Preprint Article Version 1 Preserved in Portico This version is not peer-reviewed

Effectiveness of tDCS to Improve Recognition and Reduce False Memories in Older Adults

Version 1 : Received: 26 December 2020 / Approved: 28 December 2020 / Online: 28 December 2020 (11:15:38 CET)

How to cite: Melendez, J.C.; Satorres, E.; Pitarque, A.; Delhom, I.; Real, E.; Escudero, J. Effectiveness of tDCS to Improve Recognition and Reduce False Memories in Older Adults. Preprints 2020, 2020120683 (doi: 10.20944/preprints202012.0683.v1). Melendez, J.C.; Satorres, E.; Pitarque, A.; Delhom, I.; Real, E.; Escudero, J. Effectiveness of tDCS to Improve Recognition and Reduce False Memories in Older Adults. Preprints 2020, 2020120683 (doi: 10.20944/preprints202012.0683.v1).

Abstract

Background. False memories tend to increase in healthy and pathological aging, and their reduction could be useful in improving cognitive functioning. The objective was to use an active-placebo method to verify whether the application of tDCS in improving true recognition and reducing false memories in healthy older people. Method. Participants were 29 healthy older adults (65-78 years old) assigned to active or placebo group; active group received anodal stimulation at 2mA for 20 min over F7. An experimental task was used to estimate true and false recognition. The procedure took place in two sessions on two consecutive days. Results. A mixed ANOVA of true recognition showed a significant main effect of session (p = .004), indicating an increase from before treatment to after it. False recognition showed a significant main effect (p = .004), indicating a decrease from before treatment to after it and a significant session x group interaction (p < .0001). Conclusions. Overall, our results show that tDCS is an effective tool for increasing true recognition and reducing false recognition in healthy older people, and suggest that stimulation improves recall by increasing the number of items a participant can recall and reducing the number of memory errors.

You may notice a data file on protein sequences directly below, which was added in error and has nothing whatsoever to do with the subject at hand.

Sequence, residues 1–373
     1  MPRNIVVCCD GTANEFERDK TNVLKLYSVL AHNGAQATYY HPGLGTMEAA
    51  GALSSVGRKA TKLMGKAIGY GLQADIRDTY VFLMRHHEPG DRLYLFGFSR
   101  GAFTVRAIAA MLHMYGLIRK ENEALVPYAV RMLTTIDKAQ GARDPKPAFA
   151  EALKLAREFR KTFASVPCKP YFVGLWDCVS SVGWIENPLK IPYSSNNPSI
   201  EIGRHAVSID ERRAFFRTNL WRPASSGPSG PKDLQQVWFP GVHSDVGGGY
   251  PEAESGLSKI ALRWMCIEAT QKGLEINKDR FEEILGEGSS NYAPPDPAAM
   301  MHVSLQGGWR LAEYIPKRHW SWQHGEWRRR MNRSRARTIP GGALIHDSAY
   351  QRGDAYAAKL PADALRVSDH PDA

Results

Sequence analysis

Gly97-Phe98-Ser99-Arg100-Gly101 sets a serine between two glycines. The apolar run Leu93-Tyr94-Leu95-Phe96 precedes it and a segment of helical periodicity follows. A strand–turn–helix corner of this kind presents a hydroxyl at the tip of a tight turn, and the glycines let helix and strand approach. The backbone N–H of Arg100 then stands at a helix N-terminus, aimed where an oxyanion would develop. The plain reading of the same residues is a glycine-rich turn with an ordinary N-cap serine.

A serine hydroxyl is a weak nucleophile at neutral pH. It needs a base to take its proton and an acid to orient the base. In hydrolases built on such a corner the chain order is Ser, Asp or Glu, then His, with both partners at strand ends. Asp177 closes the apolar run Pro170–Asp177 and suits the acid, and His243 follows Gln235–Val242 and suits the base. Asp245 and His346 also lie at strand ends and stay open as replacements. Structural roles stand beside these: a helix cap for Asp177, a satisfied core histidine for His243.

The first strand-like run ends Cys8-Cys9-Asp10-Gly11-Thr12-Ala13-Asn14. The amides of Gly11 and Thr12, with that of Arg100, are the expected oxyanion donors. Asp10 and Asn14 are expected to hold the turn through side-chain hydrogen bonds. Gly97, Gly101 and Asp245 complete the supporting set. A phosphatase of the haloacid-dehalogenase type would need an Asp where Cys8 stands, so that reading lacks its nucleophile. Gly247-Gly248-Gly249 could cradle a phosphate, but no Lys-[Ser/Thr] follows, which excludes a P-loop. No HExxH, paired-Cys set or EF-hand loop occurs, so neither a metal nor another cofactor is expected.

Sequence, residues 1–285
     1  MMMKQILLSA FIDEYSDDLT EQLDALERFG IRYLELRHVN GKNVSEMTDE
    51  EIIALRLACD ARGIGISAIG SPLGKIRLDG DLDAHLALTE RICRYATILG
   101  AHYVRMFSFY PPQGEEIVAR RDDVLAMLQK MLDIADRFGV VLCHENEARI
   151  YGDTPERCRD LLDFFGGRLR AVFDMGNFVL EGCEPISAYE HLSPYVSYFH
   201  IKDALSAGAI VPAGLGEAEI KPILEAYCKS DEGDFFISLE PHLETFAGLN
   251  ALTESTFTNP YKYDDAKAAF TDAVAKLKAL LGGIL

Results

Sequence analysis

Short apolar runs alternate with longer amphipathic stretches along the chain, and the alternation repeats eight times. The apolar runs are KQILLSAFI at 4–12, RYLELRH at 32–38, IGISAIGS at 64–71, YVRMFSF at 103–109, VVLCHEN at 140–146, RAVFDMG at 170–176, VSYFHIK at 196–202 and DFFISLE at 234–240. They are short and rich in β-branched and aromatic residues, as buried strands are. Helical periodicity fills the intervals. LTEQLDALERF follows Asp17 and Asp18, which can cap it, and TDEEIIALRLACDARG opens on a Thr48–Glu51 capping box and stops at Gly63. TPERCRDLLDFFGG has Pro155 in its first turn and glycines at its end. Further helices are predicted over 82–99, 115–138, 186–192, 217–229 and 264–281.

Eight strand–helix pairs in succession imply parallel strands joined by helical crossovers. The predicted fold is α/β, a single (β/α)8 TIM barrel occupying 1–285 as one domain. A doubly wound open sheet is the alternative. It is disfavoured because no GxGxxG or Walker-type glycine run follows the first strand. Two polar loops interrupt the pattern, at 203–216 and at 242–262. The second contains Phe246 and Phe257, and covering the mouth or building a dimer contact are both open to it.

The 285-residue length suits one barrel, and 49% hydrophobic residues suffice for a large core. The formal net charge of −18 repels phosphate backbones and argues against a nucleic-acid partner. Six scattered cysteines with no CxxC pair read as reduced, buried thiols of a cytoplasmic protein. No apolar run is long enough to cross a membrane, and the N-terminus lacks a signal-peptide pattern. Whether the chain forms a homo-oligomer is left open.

Subject Areas

transcranial direct current stimulation; true recognition; false recognition; aging; experiment.

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